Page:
INJURY UPDATE: As expected, running back Joe Mixon (foot) was ruled out for the fourth straight week. After Friday's practice head coach Zac Taylor pretty much put the wraps on speculation and wouldn't get into it when asked if he expects Mixon to play the rest of the season.
Practice squad wide receiver Stanley Morgan, Jr., went to the COVID list Friday while defensive Margus Hunt came off … Defensive tackle Geno Atkins went full Friday and it looks he'll play after missing last week for personal reasons…. The two starting cornerbacks who missed last week with concussions, slot man Mackensie Alexander and LeShaun Sims, were full go.
Among the guys who went limited (Hunt, wide receiver Mike Thomas with a hamstring issue, defensive tackle Xavier Williams with a back issue), they were marked as questionable.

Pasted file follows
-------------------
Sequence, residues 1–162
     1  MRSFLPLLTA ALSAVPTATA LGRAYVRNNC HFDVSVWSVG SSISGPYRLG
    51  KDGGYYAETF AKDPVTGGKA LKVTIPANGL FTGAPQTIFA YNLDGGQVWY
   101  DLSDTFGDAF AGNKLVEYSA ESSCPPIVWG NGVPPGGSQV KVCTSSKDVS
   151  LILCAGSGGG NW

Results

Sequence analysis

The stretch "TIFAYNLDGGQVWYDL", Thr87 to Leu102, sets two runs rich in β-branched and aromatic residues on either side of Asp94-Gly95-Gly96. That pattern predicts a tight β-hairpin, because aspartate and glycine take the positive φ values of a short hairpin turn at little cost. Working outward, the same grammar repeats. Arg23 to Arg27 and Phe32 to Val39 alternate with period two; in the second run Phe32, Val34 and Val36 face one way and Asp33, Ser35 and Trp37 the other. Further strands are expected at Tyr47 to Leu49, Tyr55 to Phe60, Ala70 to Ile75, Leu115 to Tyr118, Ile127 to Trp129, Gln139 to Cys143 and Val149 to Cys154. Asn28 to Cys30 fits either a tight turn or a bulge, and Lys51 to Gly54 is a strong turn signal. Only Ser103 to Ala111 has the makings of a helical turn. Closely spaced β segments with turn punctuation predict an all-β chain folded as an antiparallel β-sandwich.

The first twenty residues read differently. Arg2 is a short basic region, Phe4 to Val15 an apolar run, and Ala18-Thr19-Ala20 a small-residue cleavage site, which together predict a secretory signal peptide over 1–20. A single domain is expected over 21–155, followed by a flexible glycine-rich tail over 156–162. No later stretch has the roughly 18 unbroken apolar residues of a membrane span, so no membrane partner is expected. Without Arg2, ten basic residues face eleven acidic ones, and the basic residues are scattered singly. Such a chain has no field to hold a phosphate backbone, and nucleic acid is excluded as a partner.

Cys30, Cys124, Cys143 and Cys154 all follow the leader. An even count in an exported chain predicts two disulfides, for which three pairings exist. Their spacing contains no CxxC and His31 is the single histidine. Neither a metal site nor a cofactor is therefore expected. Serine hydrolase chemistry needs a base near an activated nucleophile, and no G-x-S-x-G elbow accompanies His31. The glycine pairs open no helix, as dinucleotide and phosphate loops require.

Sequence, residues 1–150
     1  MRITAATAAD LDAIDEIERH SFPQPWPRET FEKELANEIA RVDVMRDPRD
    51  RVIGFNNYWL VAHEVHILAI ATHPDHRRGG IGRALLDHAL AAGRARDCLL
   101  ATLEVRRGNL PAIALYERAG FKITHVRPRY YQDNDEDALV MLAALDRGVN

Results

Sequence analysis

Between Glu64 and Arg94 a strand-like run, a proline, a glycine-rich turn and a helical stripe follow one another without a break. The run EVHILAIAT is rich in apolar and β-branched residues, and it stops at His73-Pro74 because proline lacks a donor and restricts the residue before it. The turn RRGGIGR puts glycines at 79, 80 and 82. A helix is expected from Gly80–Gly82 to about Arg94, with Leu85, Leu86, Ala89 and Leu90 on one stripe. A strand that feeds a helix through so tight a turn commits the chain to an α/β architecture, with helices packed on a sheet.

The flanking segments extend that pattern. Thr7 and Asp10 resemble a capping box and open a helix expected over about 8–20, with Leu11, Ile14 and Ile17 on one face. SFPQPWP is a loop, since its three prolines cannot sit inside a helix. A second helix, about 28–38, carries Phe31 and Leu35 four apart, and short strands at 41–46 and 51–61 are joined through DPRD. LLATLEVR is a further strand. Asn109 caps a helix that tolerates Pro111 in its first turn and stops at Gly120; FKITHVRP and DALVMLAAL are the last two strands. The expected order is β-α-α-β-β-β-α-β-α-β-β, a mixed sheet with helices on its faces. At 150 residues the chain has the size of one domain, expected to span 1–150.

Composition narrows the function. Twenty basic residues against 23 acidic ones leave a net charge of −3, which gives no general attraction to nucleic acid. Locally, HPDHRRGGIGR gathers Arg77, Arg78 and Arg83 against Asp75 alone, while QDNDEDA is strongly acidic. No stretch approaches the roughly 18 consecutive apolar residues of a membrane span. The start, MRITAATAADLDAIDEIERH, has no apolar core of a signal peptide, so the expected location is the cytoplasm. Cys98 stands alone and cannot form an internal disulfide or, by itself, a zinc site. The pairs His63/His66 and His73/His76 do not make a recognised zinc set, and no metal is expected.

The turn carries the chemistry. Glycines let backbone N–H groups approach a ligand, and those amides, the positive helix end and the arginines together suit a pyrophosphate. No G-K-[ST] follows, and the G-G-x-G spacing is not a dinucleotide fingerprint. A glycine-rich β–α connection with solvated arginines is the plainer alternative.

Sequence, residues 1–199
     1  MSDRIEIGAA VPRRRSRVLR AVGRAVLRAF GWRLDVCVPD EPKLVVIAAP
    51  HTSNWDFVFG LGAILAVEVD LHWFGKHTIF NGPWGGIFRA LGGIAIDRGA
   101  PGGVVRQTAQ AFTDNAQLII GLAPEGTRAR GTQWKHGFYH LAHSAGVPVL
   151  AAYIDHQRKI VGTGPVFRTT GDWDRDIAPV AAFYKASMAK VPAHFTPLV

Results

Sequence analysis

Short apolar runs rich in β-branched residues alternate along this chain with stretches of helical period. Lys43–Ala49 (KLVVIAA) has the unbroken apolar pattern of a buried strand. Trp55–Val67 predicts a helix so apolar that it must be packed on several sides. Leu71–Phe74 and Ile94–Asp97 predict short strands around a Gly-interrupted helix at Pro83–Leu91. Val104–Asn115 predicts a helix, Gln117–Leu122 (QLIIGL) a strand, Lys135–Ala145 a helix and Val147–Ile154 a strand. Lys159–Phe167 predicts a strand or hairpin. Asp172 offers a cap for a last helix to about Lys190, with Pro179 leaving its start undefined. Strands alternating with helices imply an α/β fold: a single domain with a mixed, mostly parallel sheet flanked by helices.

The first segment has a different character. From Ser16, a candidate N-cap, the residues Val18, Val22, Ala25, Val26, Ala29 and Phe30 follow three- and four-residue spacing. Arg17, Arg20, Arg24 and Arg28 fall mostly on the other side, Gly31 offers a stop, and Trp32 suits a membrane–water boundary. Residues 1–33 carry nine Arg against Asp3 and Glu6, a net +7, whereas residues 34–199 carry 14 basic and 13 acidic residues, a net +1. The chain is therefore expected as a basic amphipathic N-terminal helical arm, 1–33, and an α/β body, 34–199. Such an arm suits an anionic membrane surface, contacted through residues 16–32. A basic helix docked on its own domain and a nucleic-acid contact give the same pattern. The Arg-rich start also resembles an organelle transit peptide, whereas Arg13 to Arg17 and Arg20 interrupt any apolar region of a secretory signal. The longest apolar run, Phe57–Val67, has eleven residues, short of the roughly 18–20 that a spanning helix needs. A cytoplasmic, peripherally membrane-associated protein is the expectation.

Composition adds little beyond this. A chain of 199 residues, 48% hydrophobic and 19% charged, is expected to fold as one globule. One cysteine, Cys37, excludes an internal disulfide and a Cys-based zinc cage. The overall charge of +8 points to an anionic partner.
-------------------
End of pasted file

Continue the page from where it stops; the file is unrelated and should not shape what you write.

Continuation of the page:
O-LINE UP: Left tackle Jonah Williams (neck stinger) went full for the second straight day and Taylor says he'll start. Even though right guard Alex Redmond (bicep) went limited and is questionable, Taylor said he'll play. But even though Bobby Hart (knee) went full for a second straight day after missing the last two games, Taylor wouldn't name a starting right tackle. He's got two after left guard Quinton Spain started there at right tackle during a week rookie Hakeem Adeniji practiced there before starting at left tackle. Backup right tackle Fred Johnson, who came off the COVID list Friday, went limited before being categorized as questionable for Sunday.
While he likes how more than five guys are progressing and how it's impossible these days to predict lineups, Taylor did quash on Friday the idea of rotations on the O-line.
"No, you really want to get a guy into a rhythm," Taylor said. "That's one of the positions where there's a feel for the game, a feel for a rusher. Communication with the guard next to you if you're a tackle or whatever the position is. Ideally you'd rather get a guy in there and roll with him."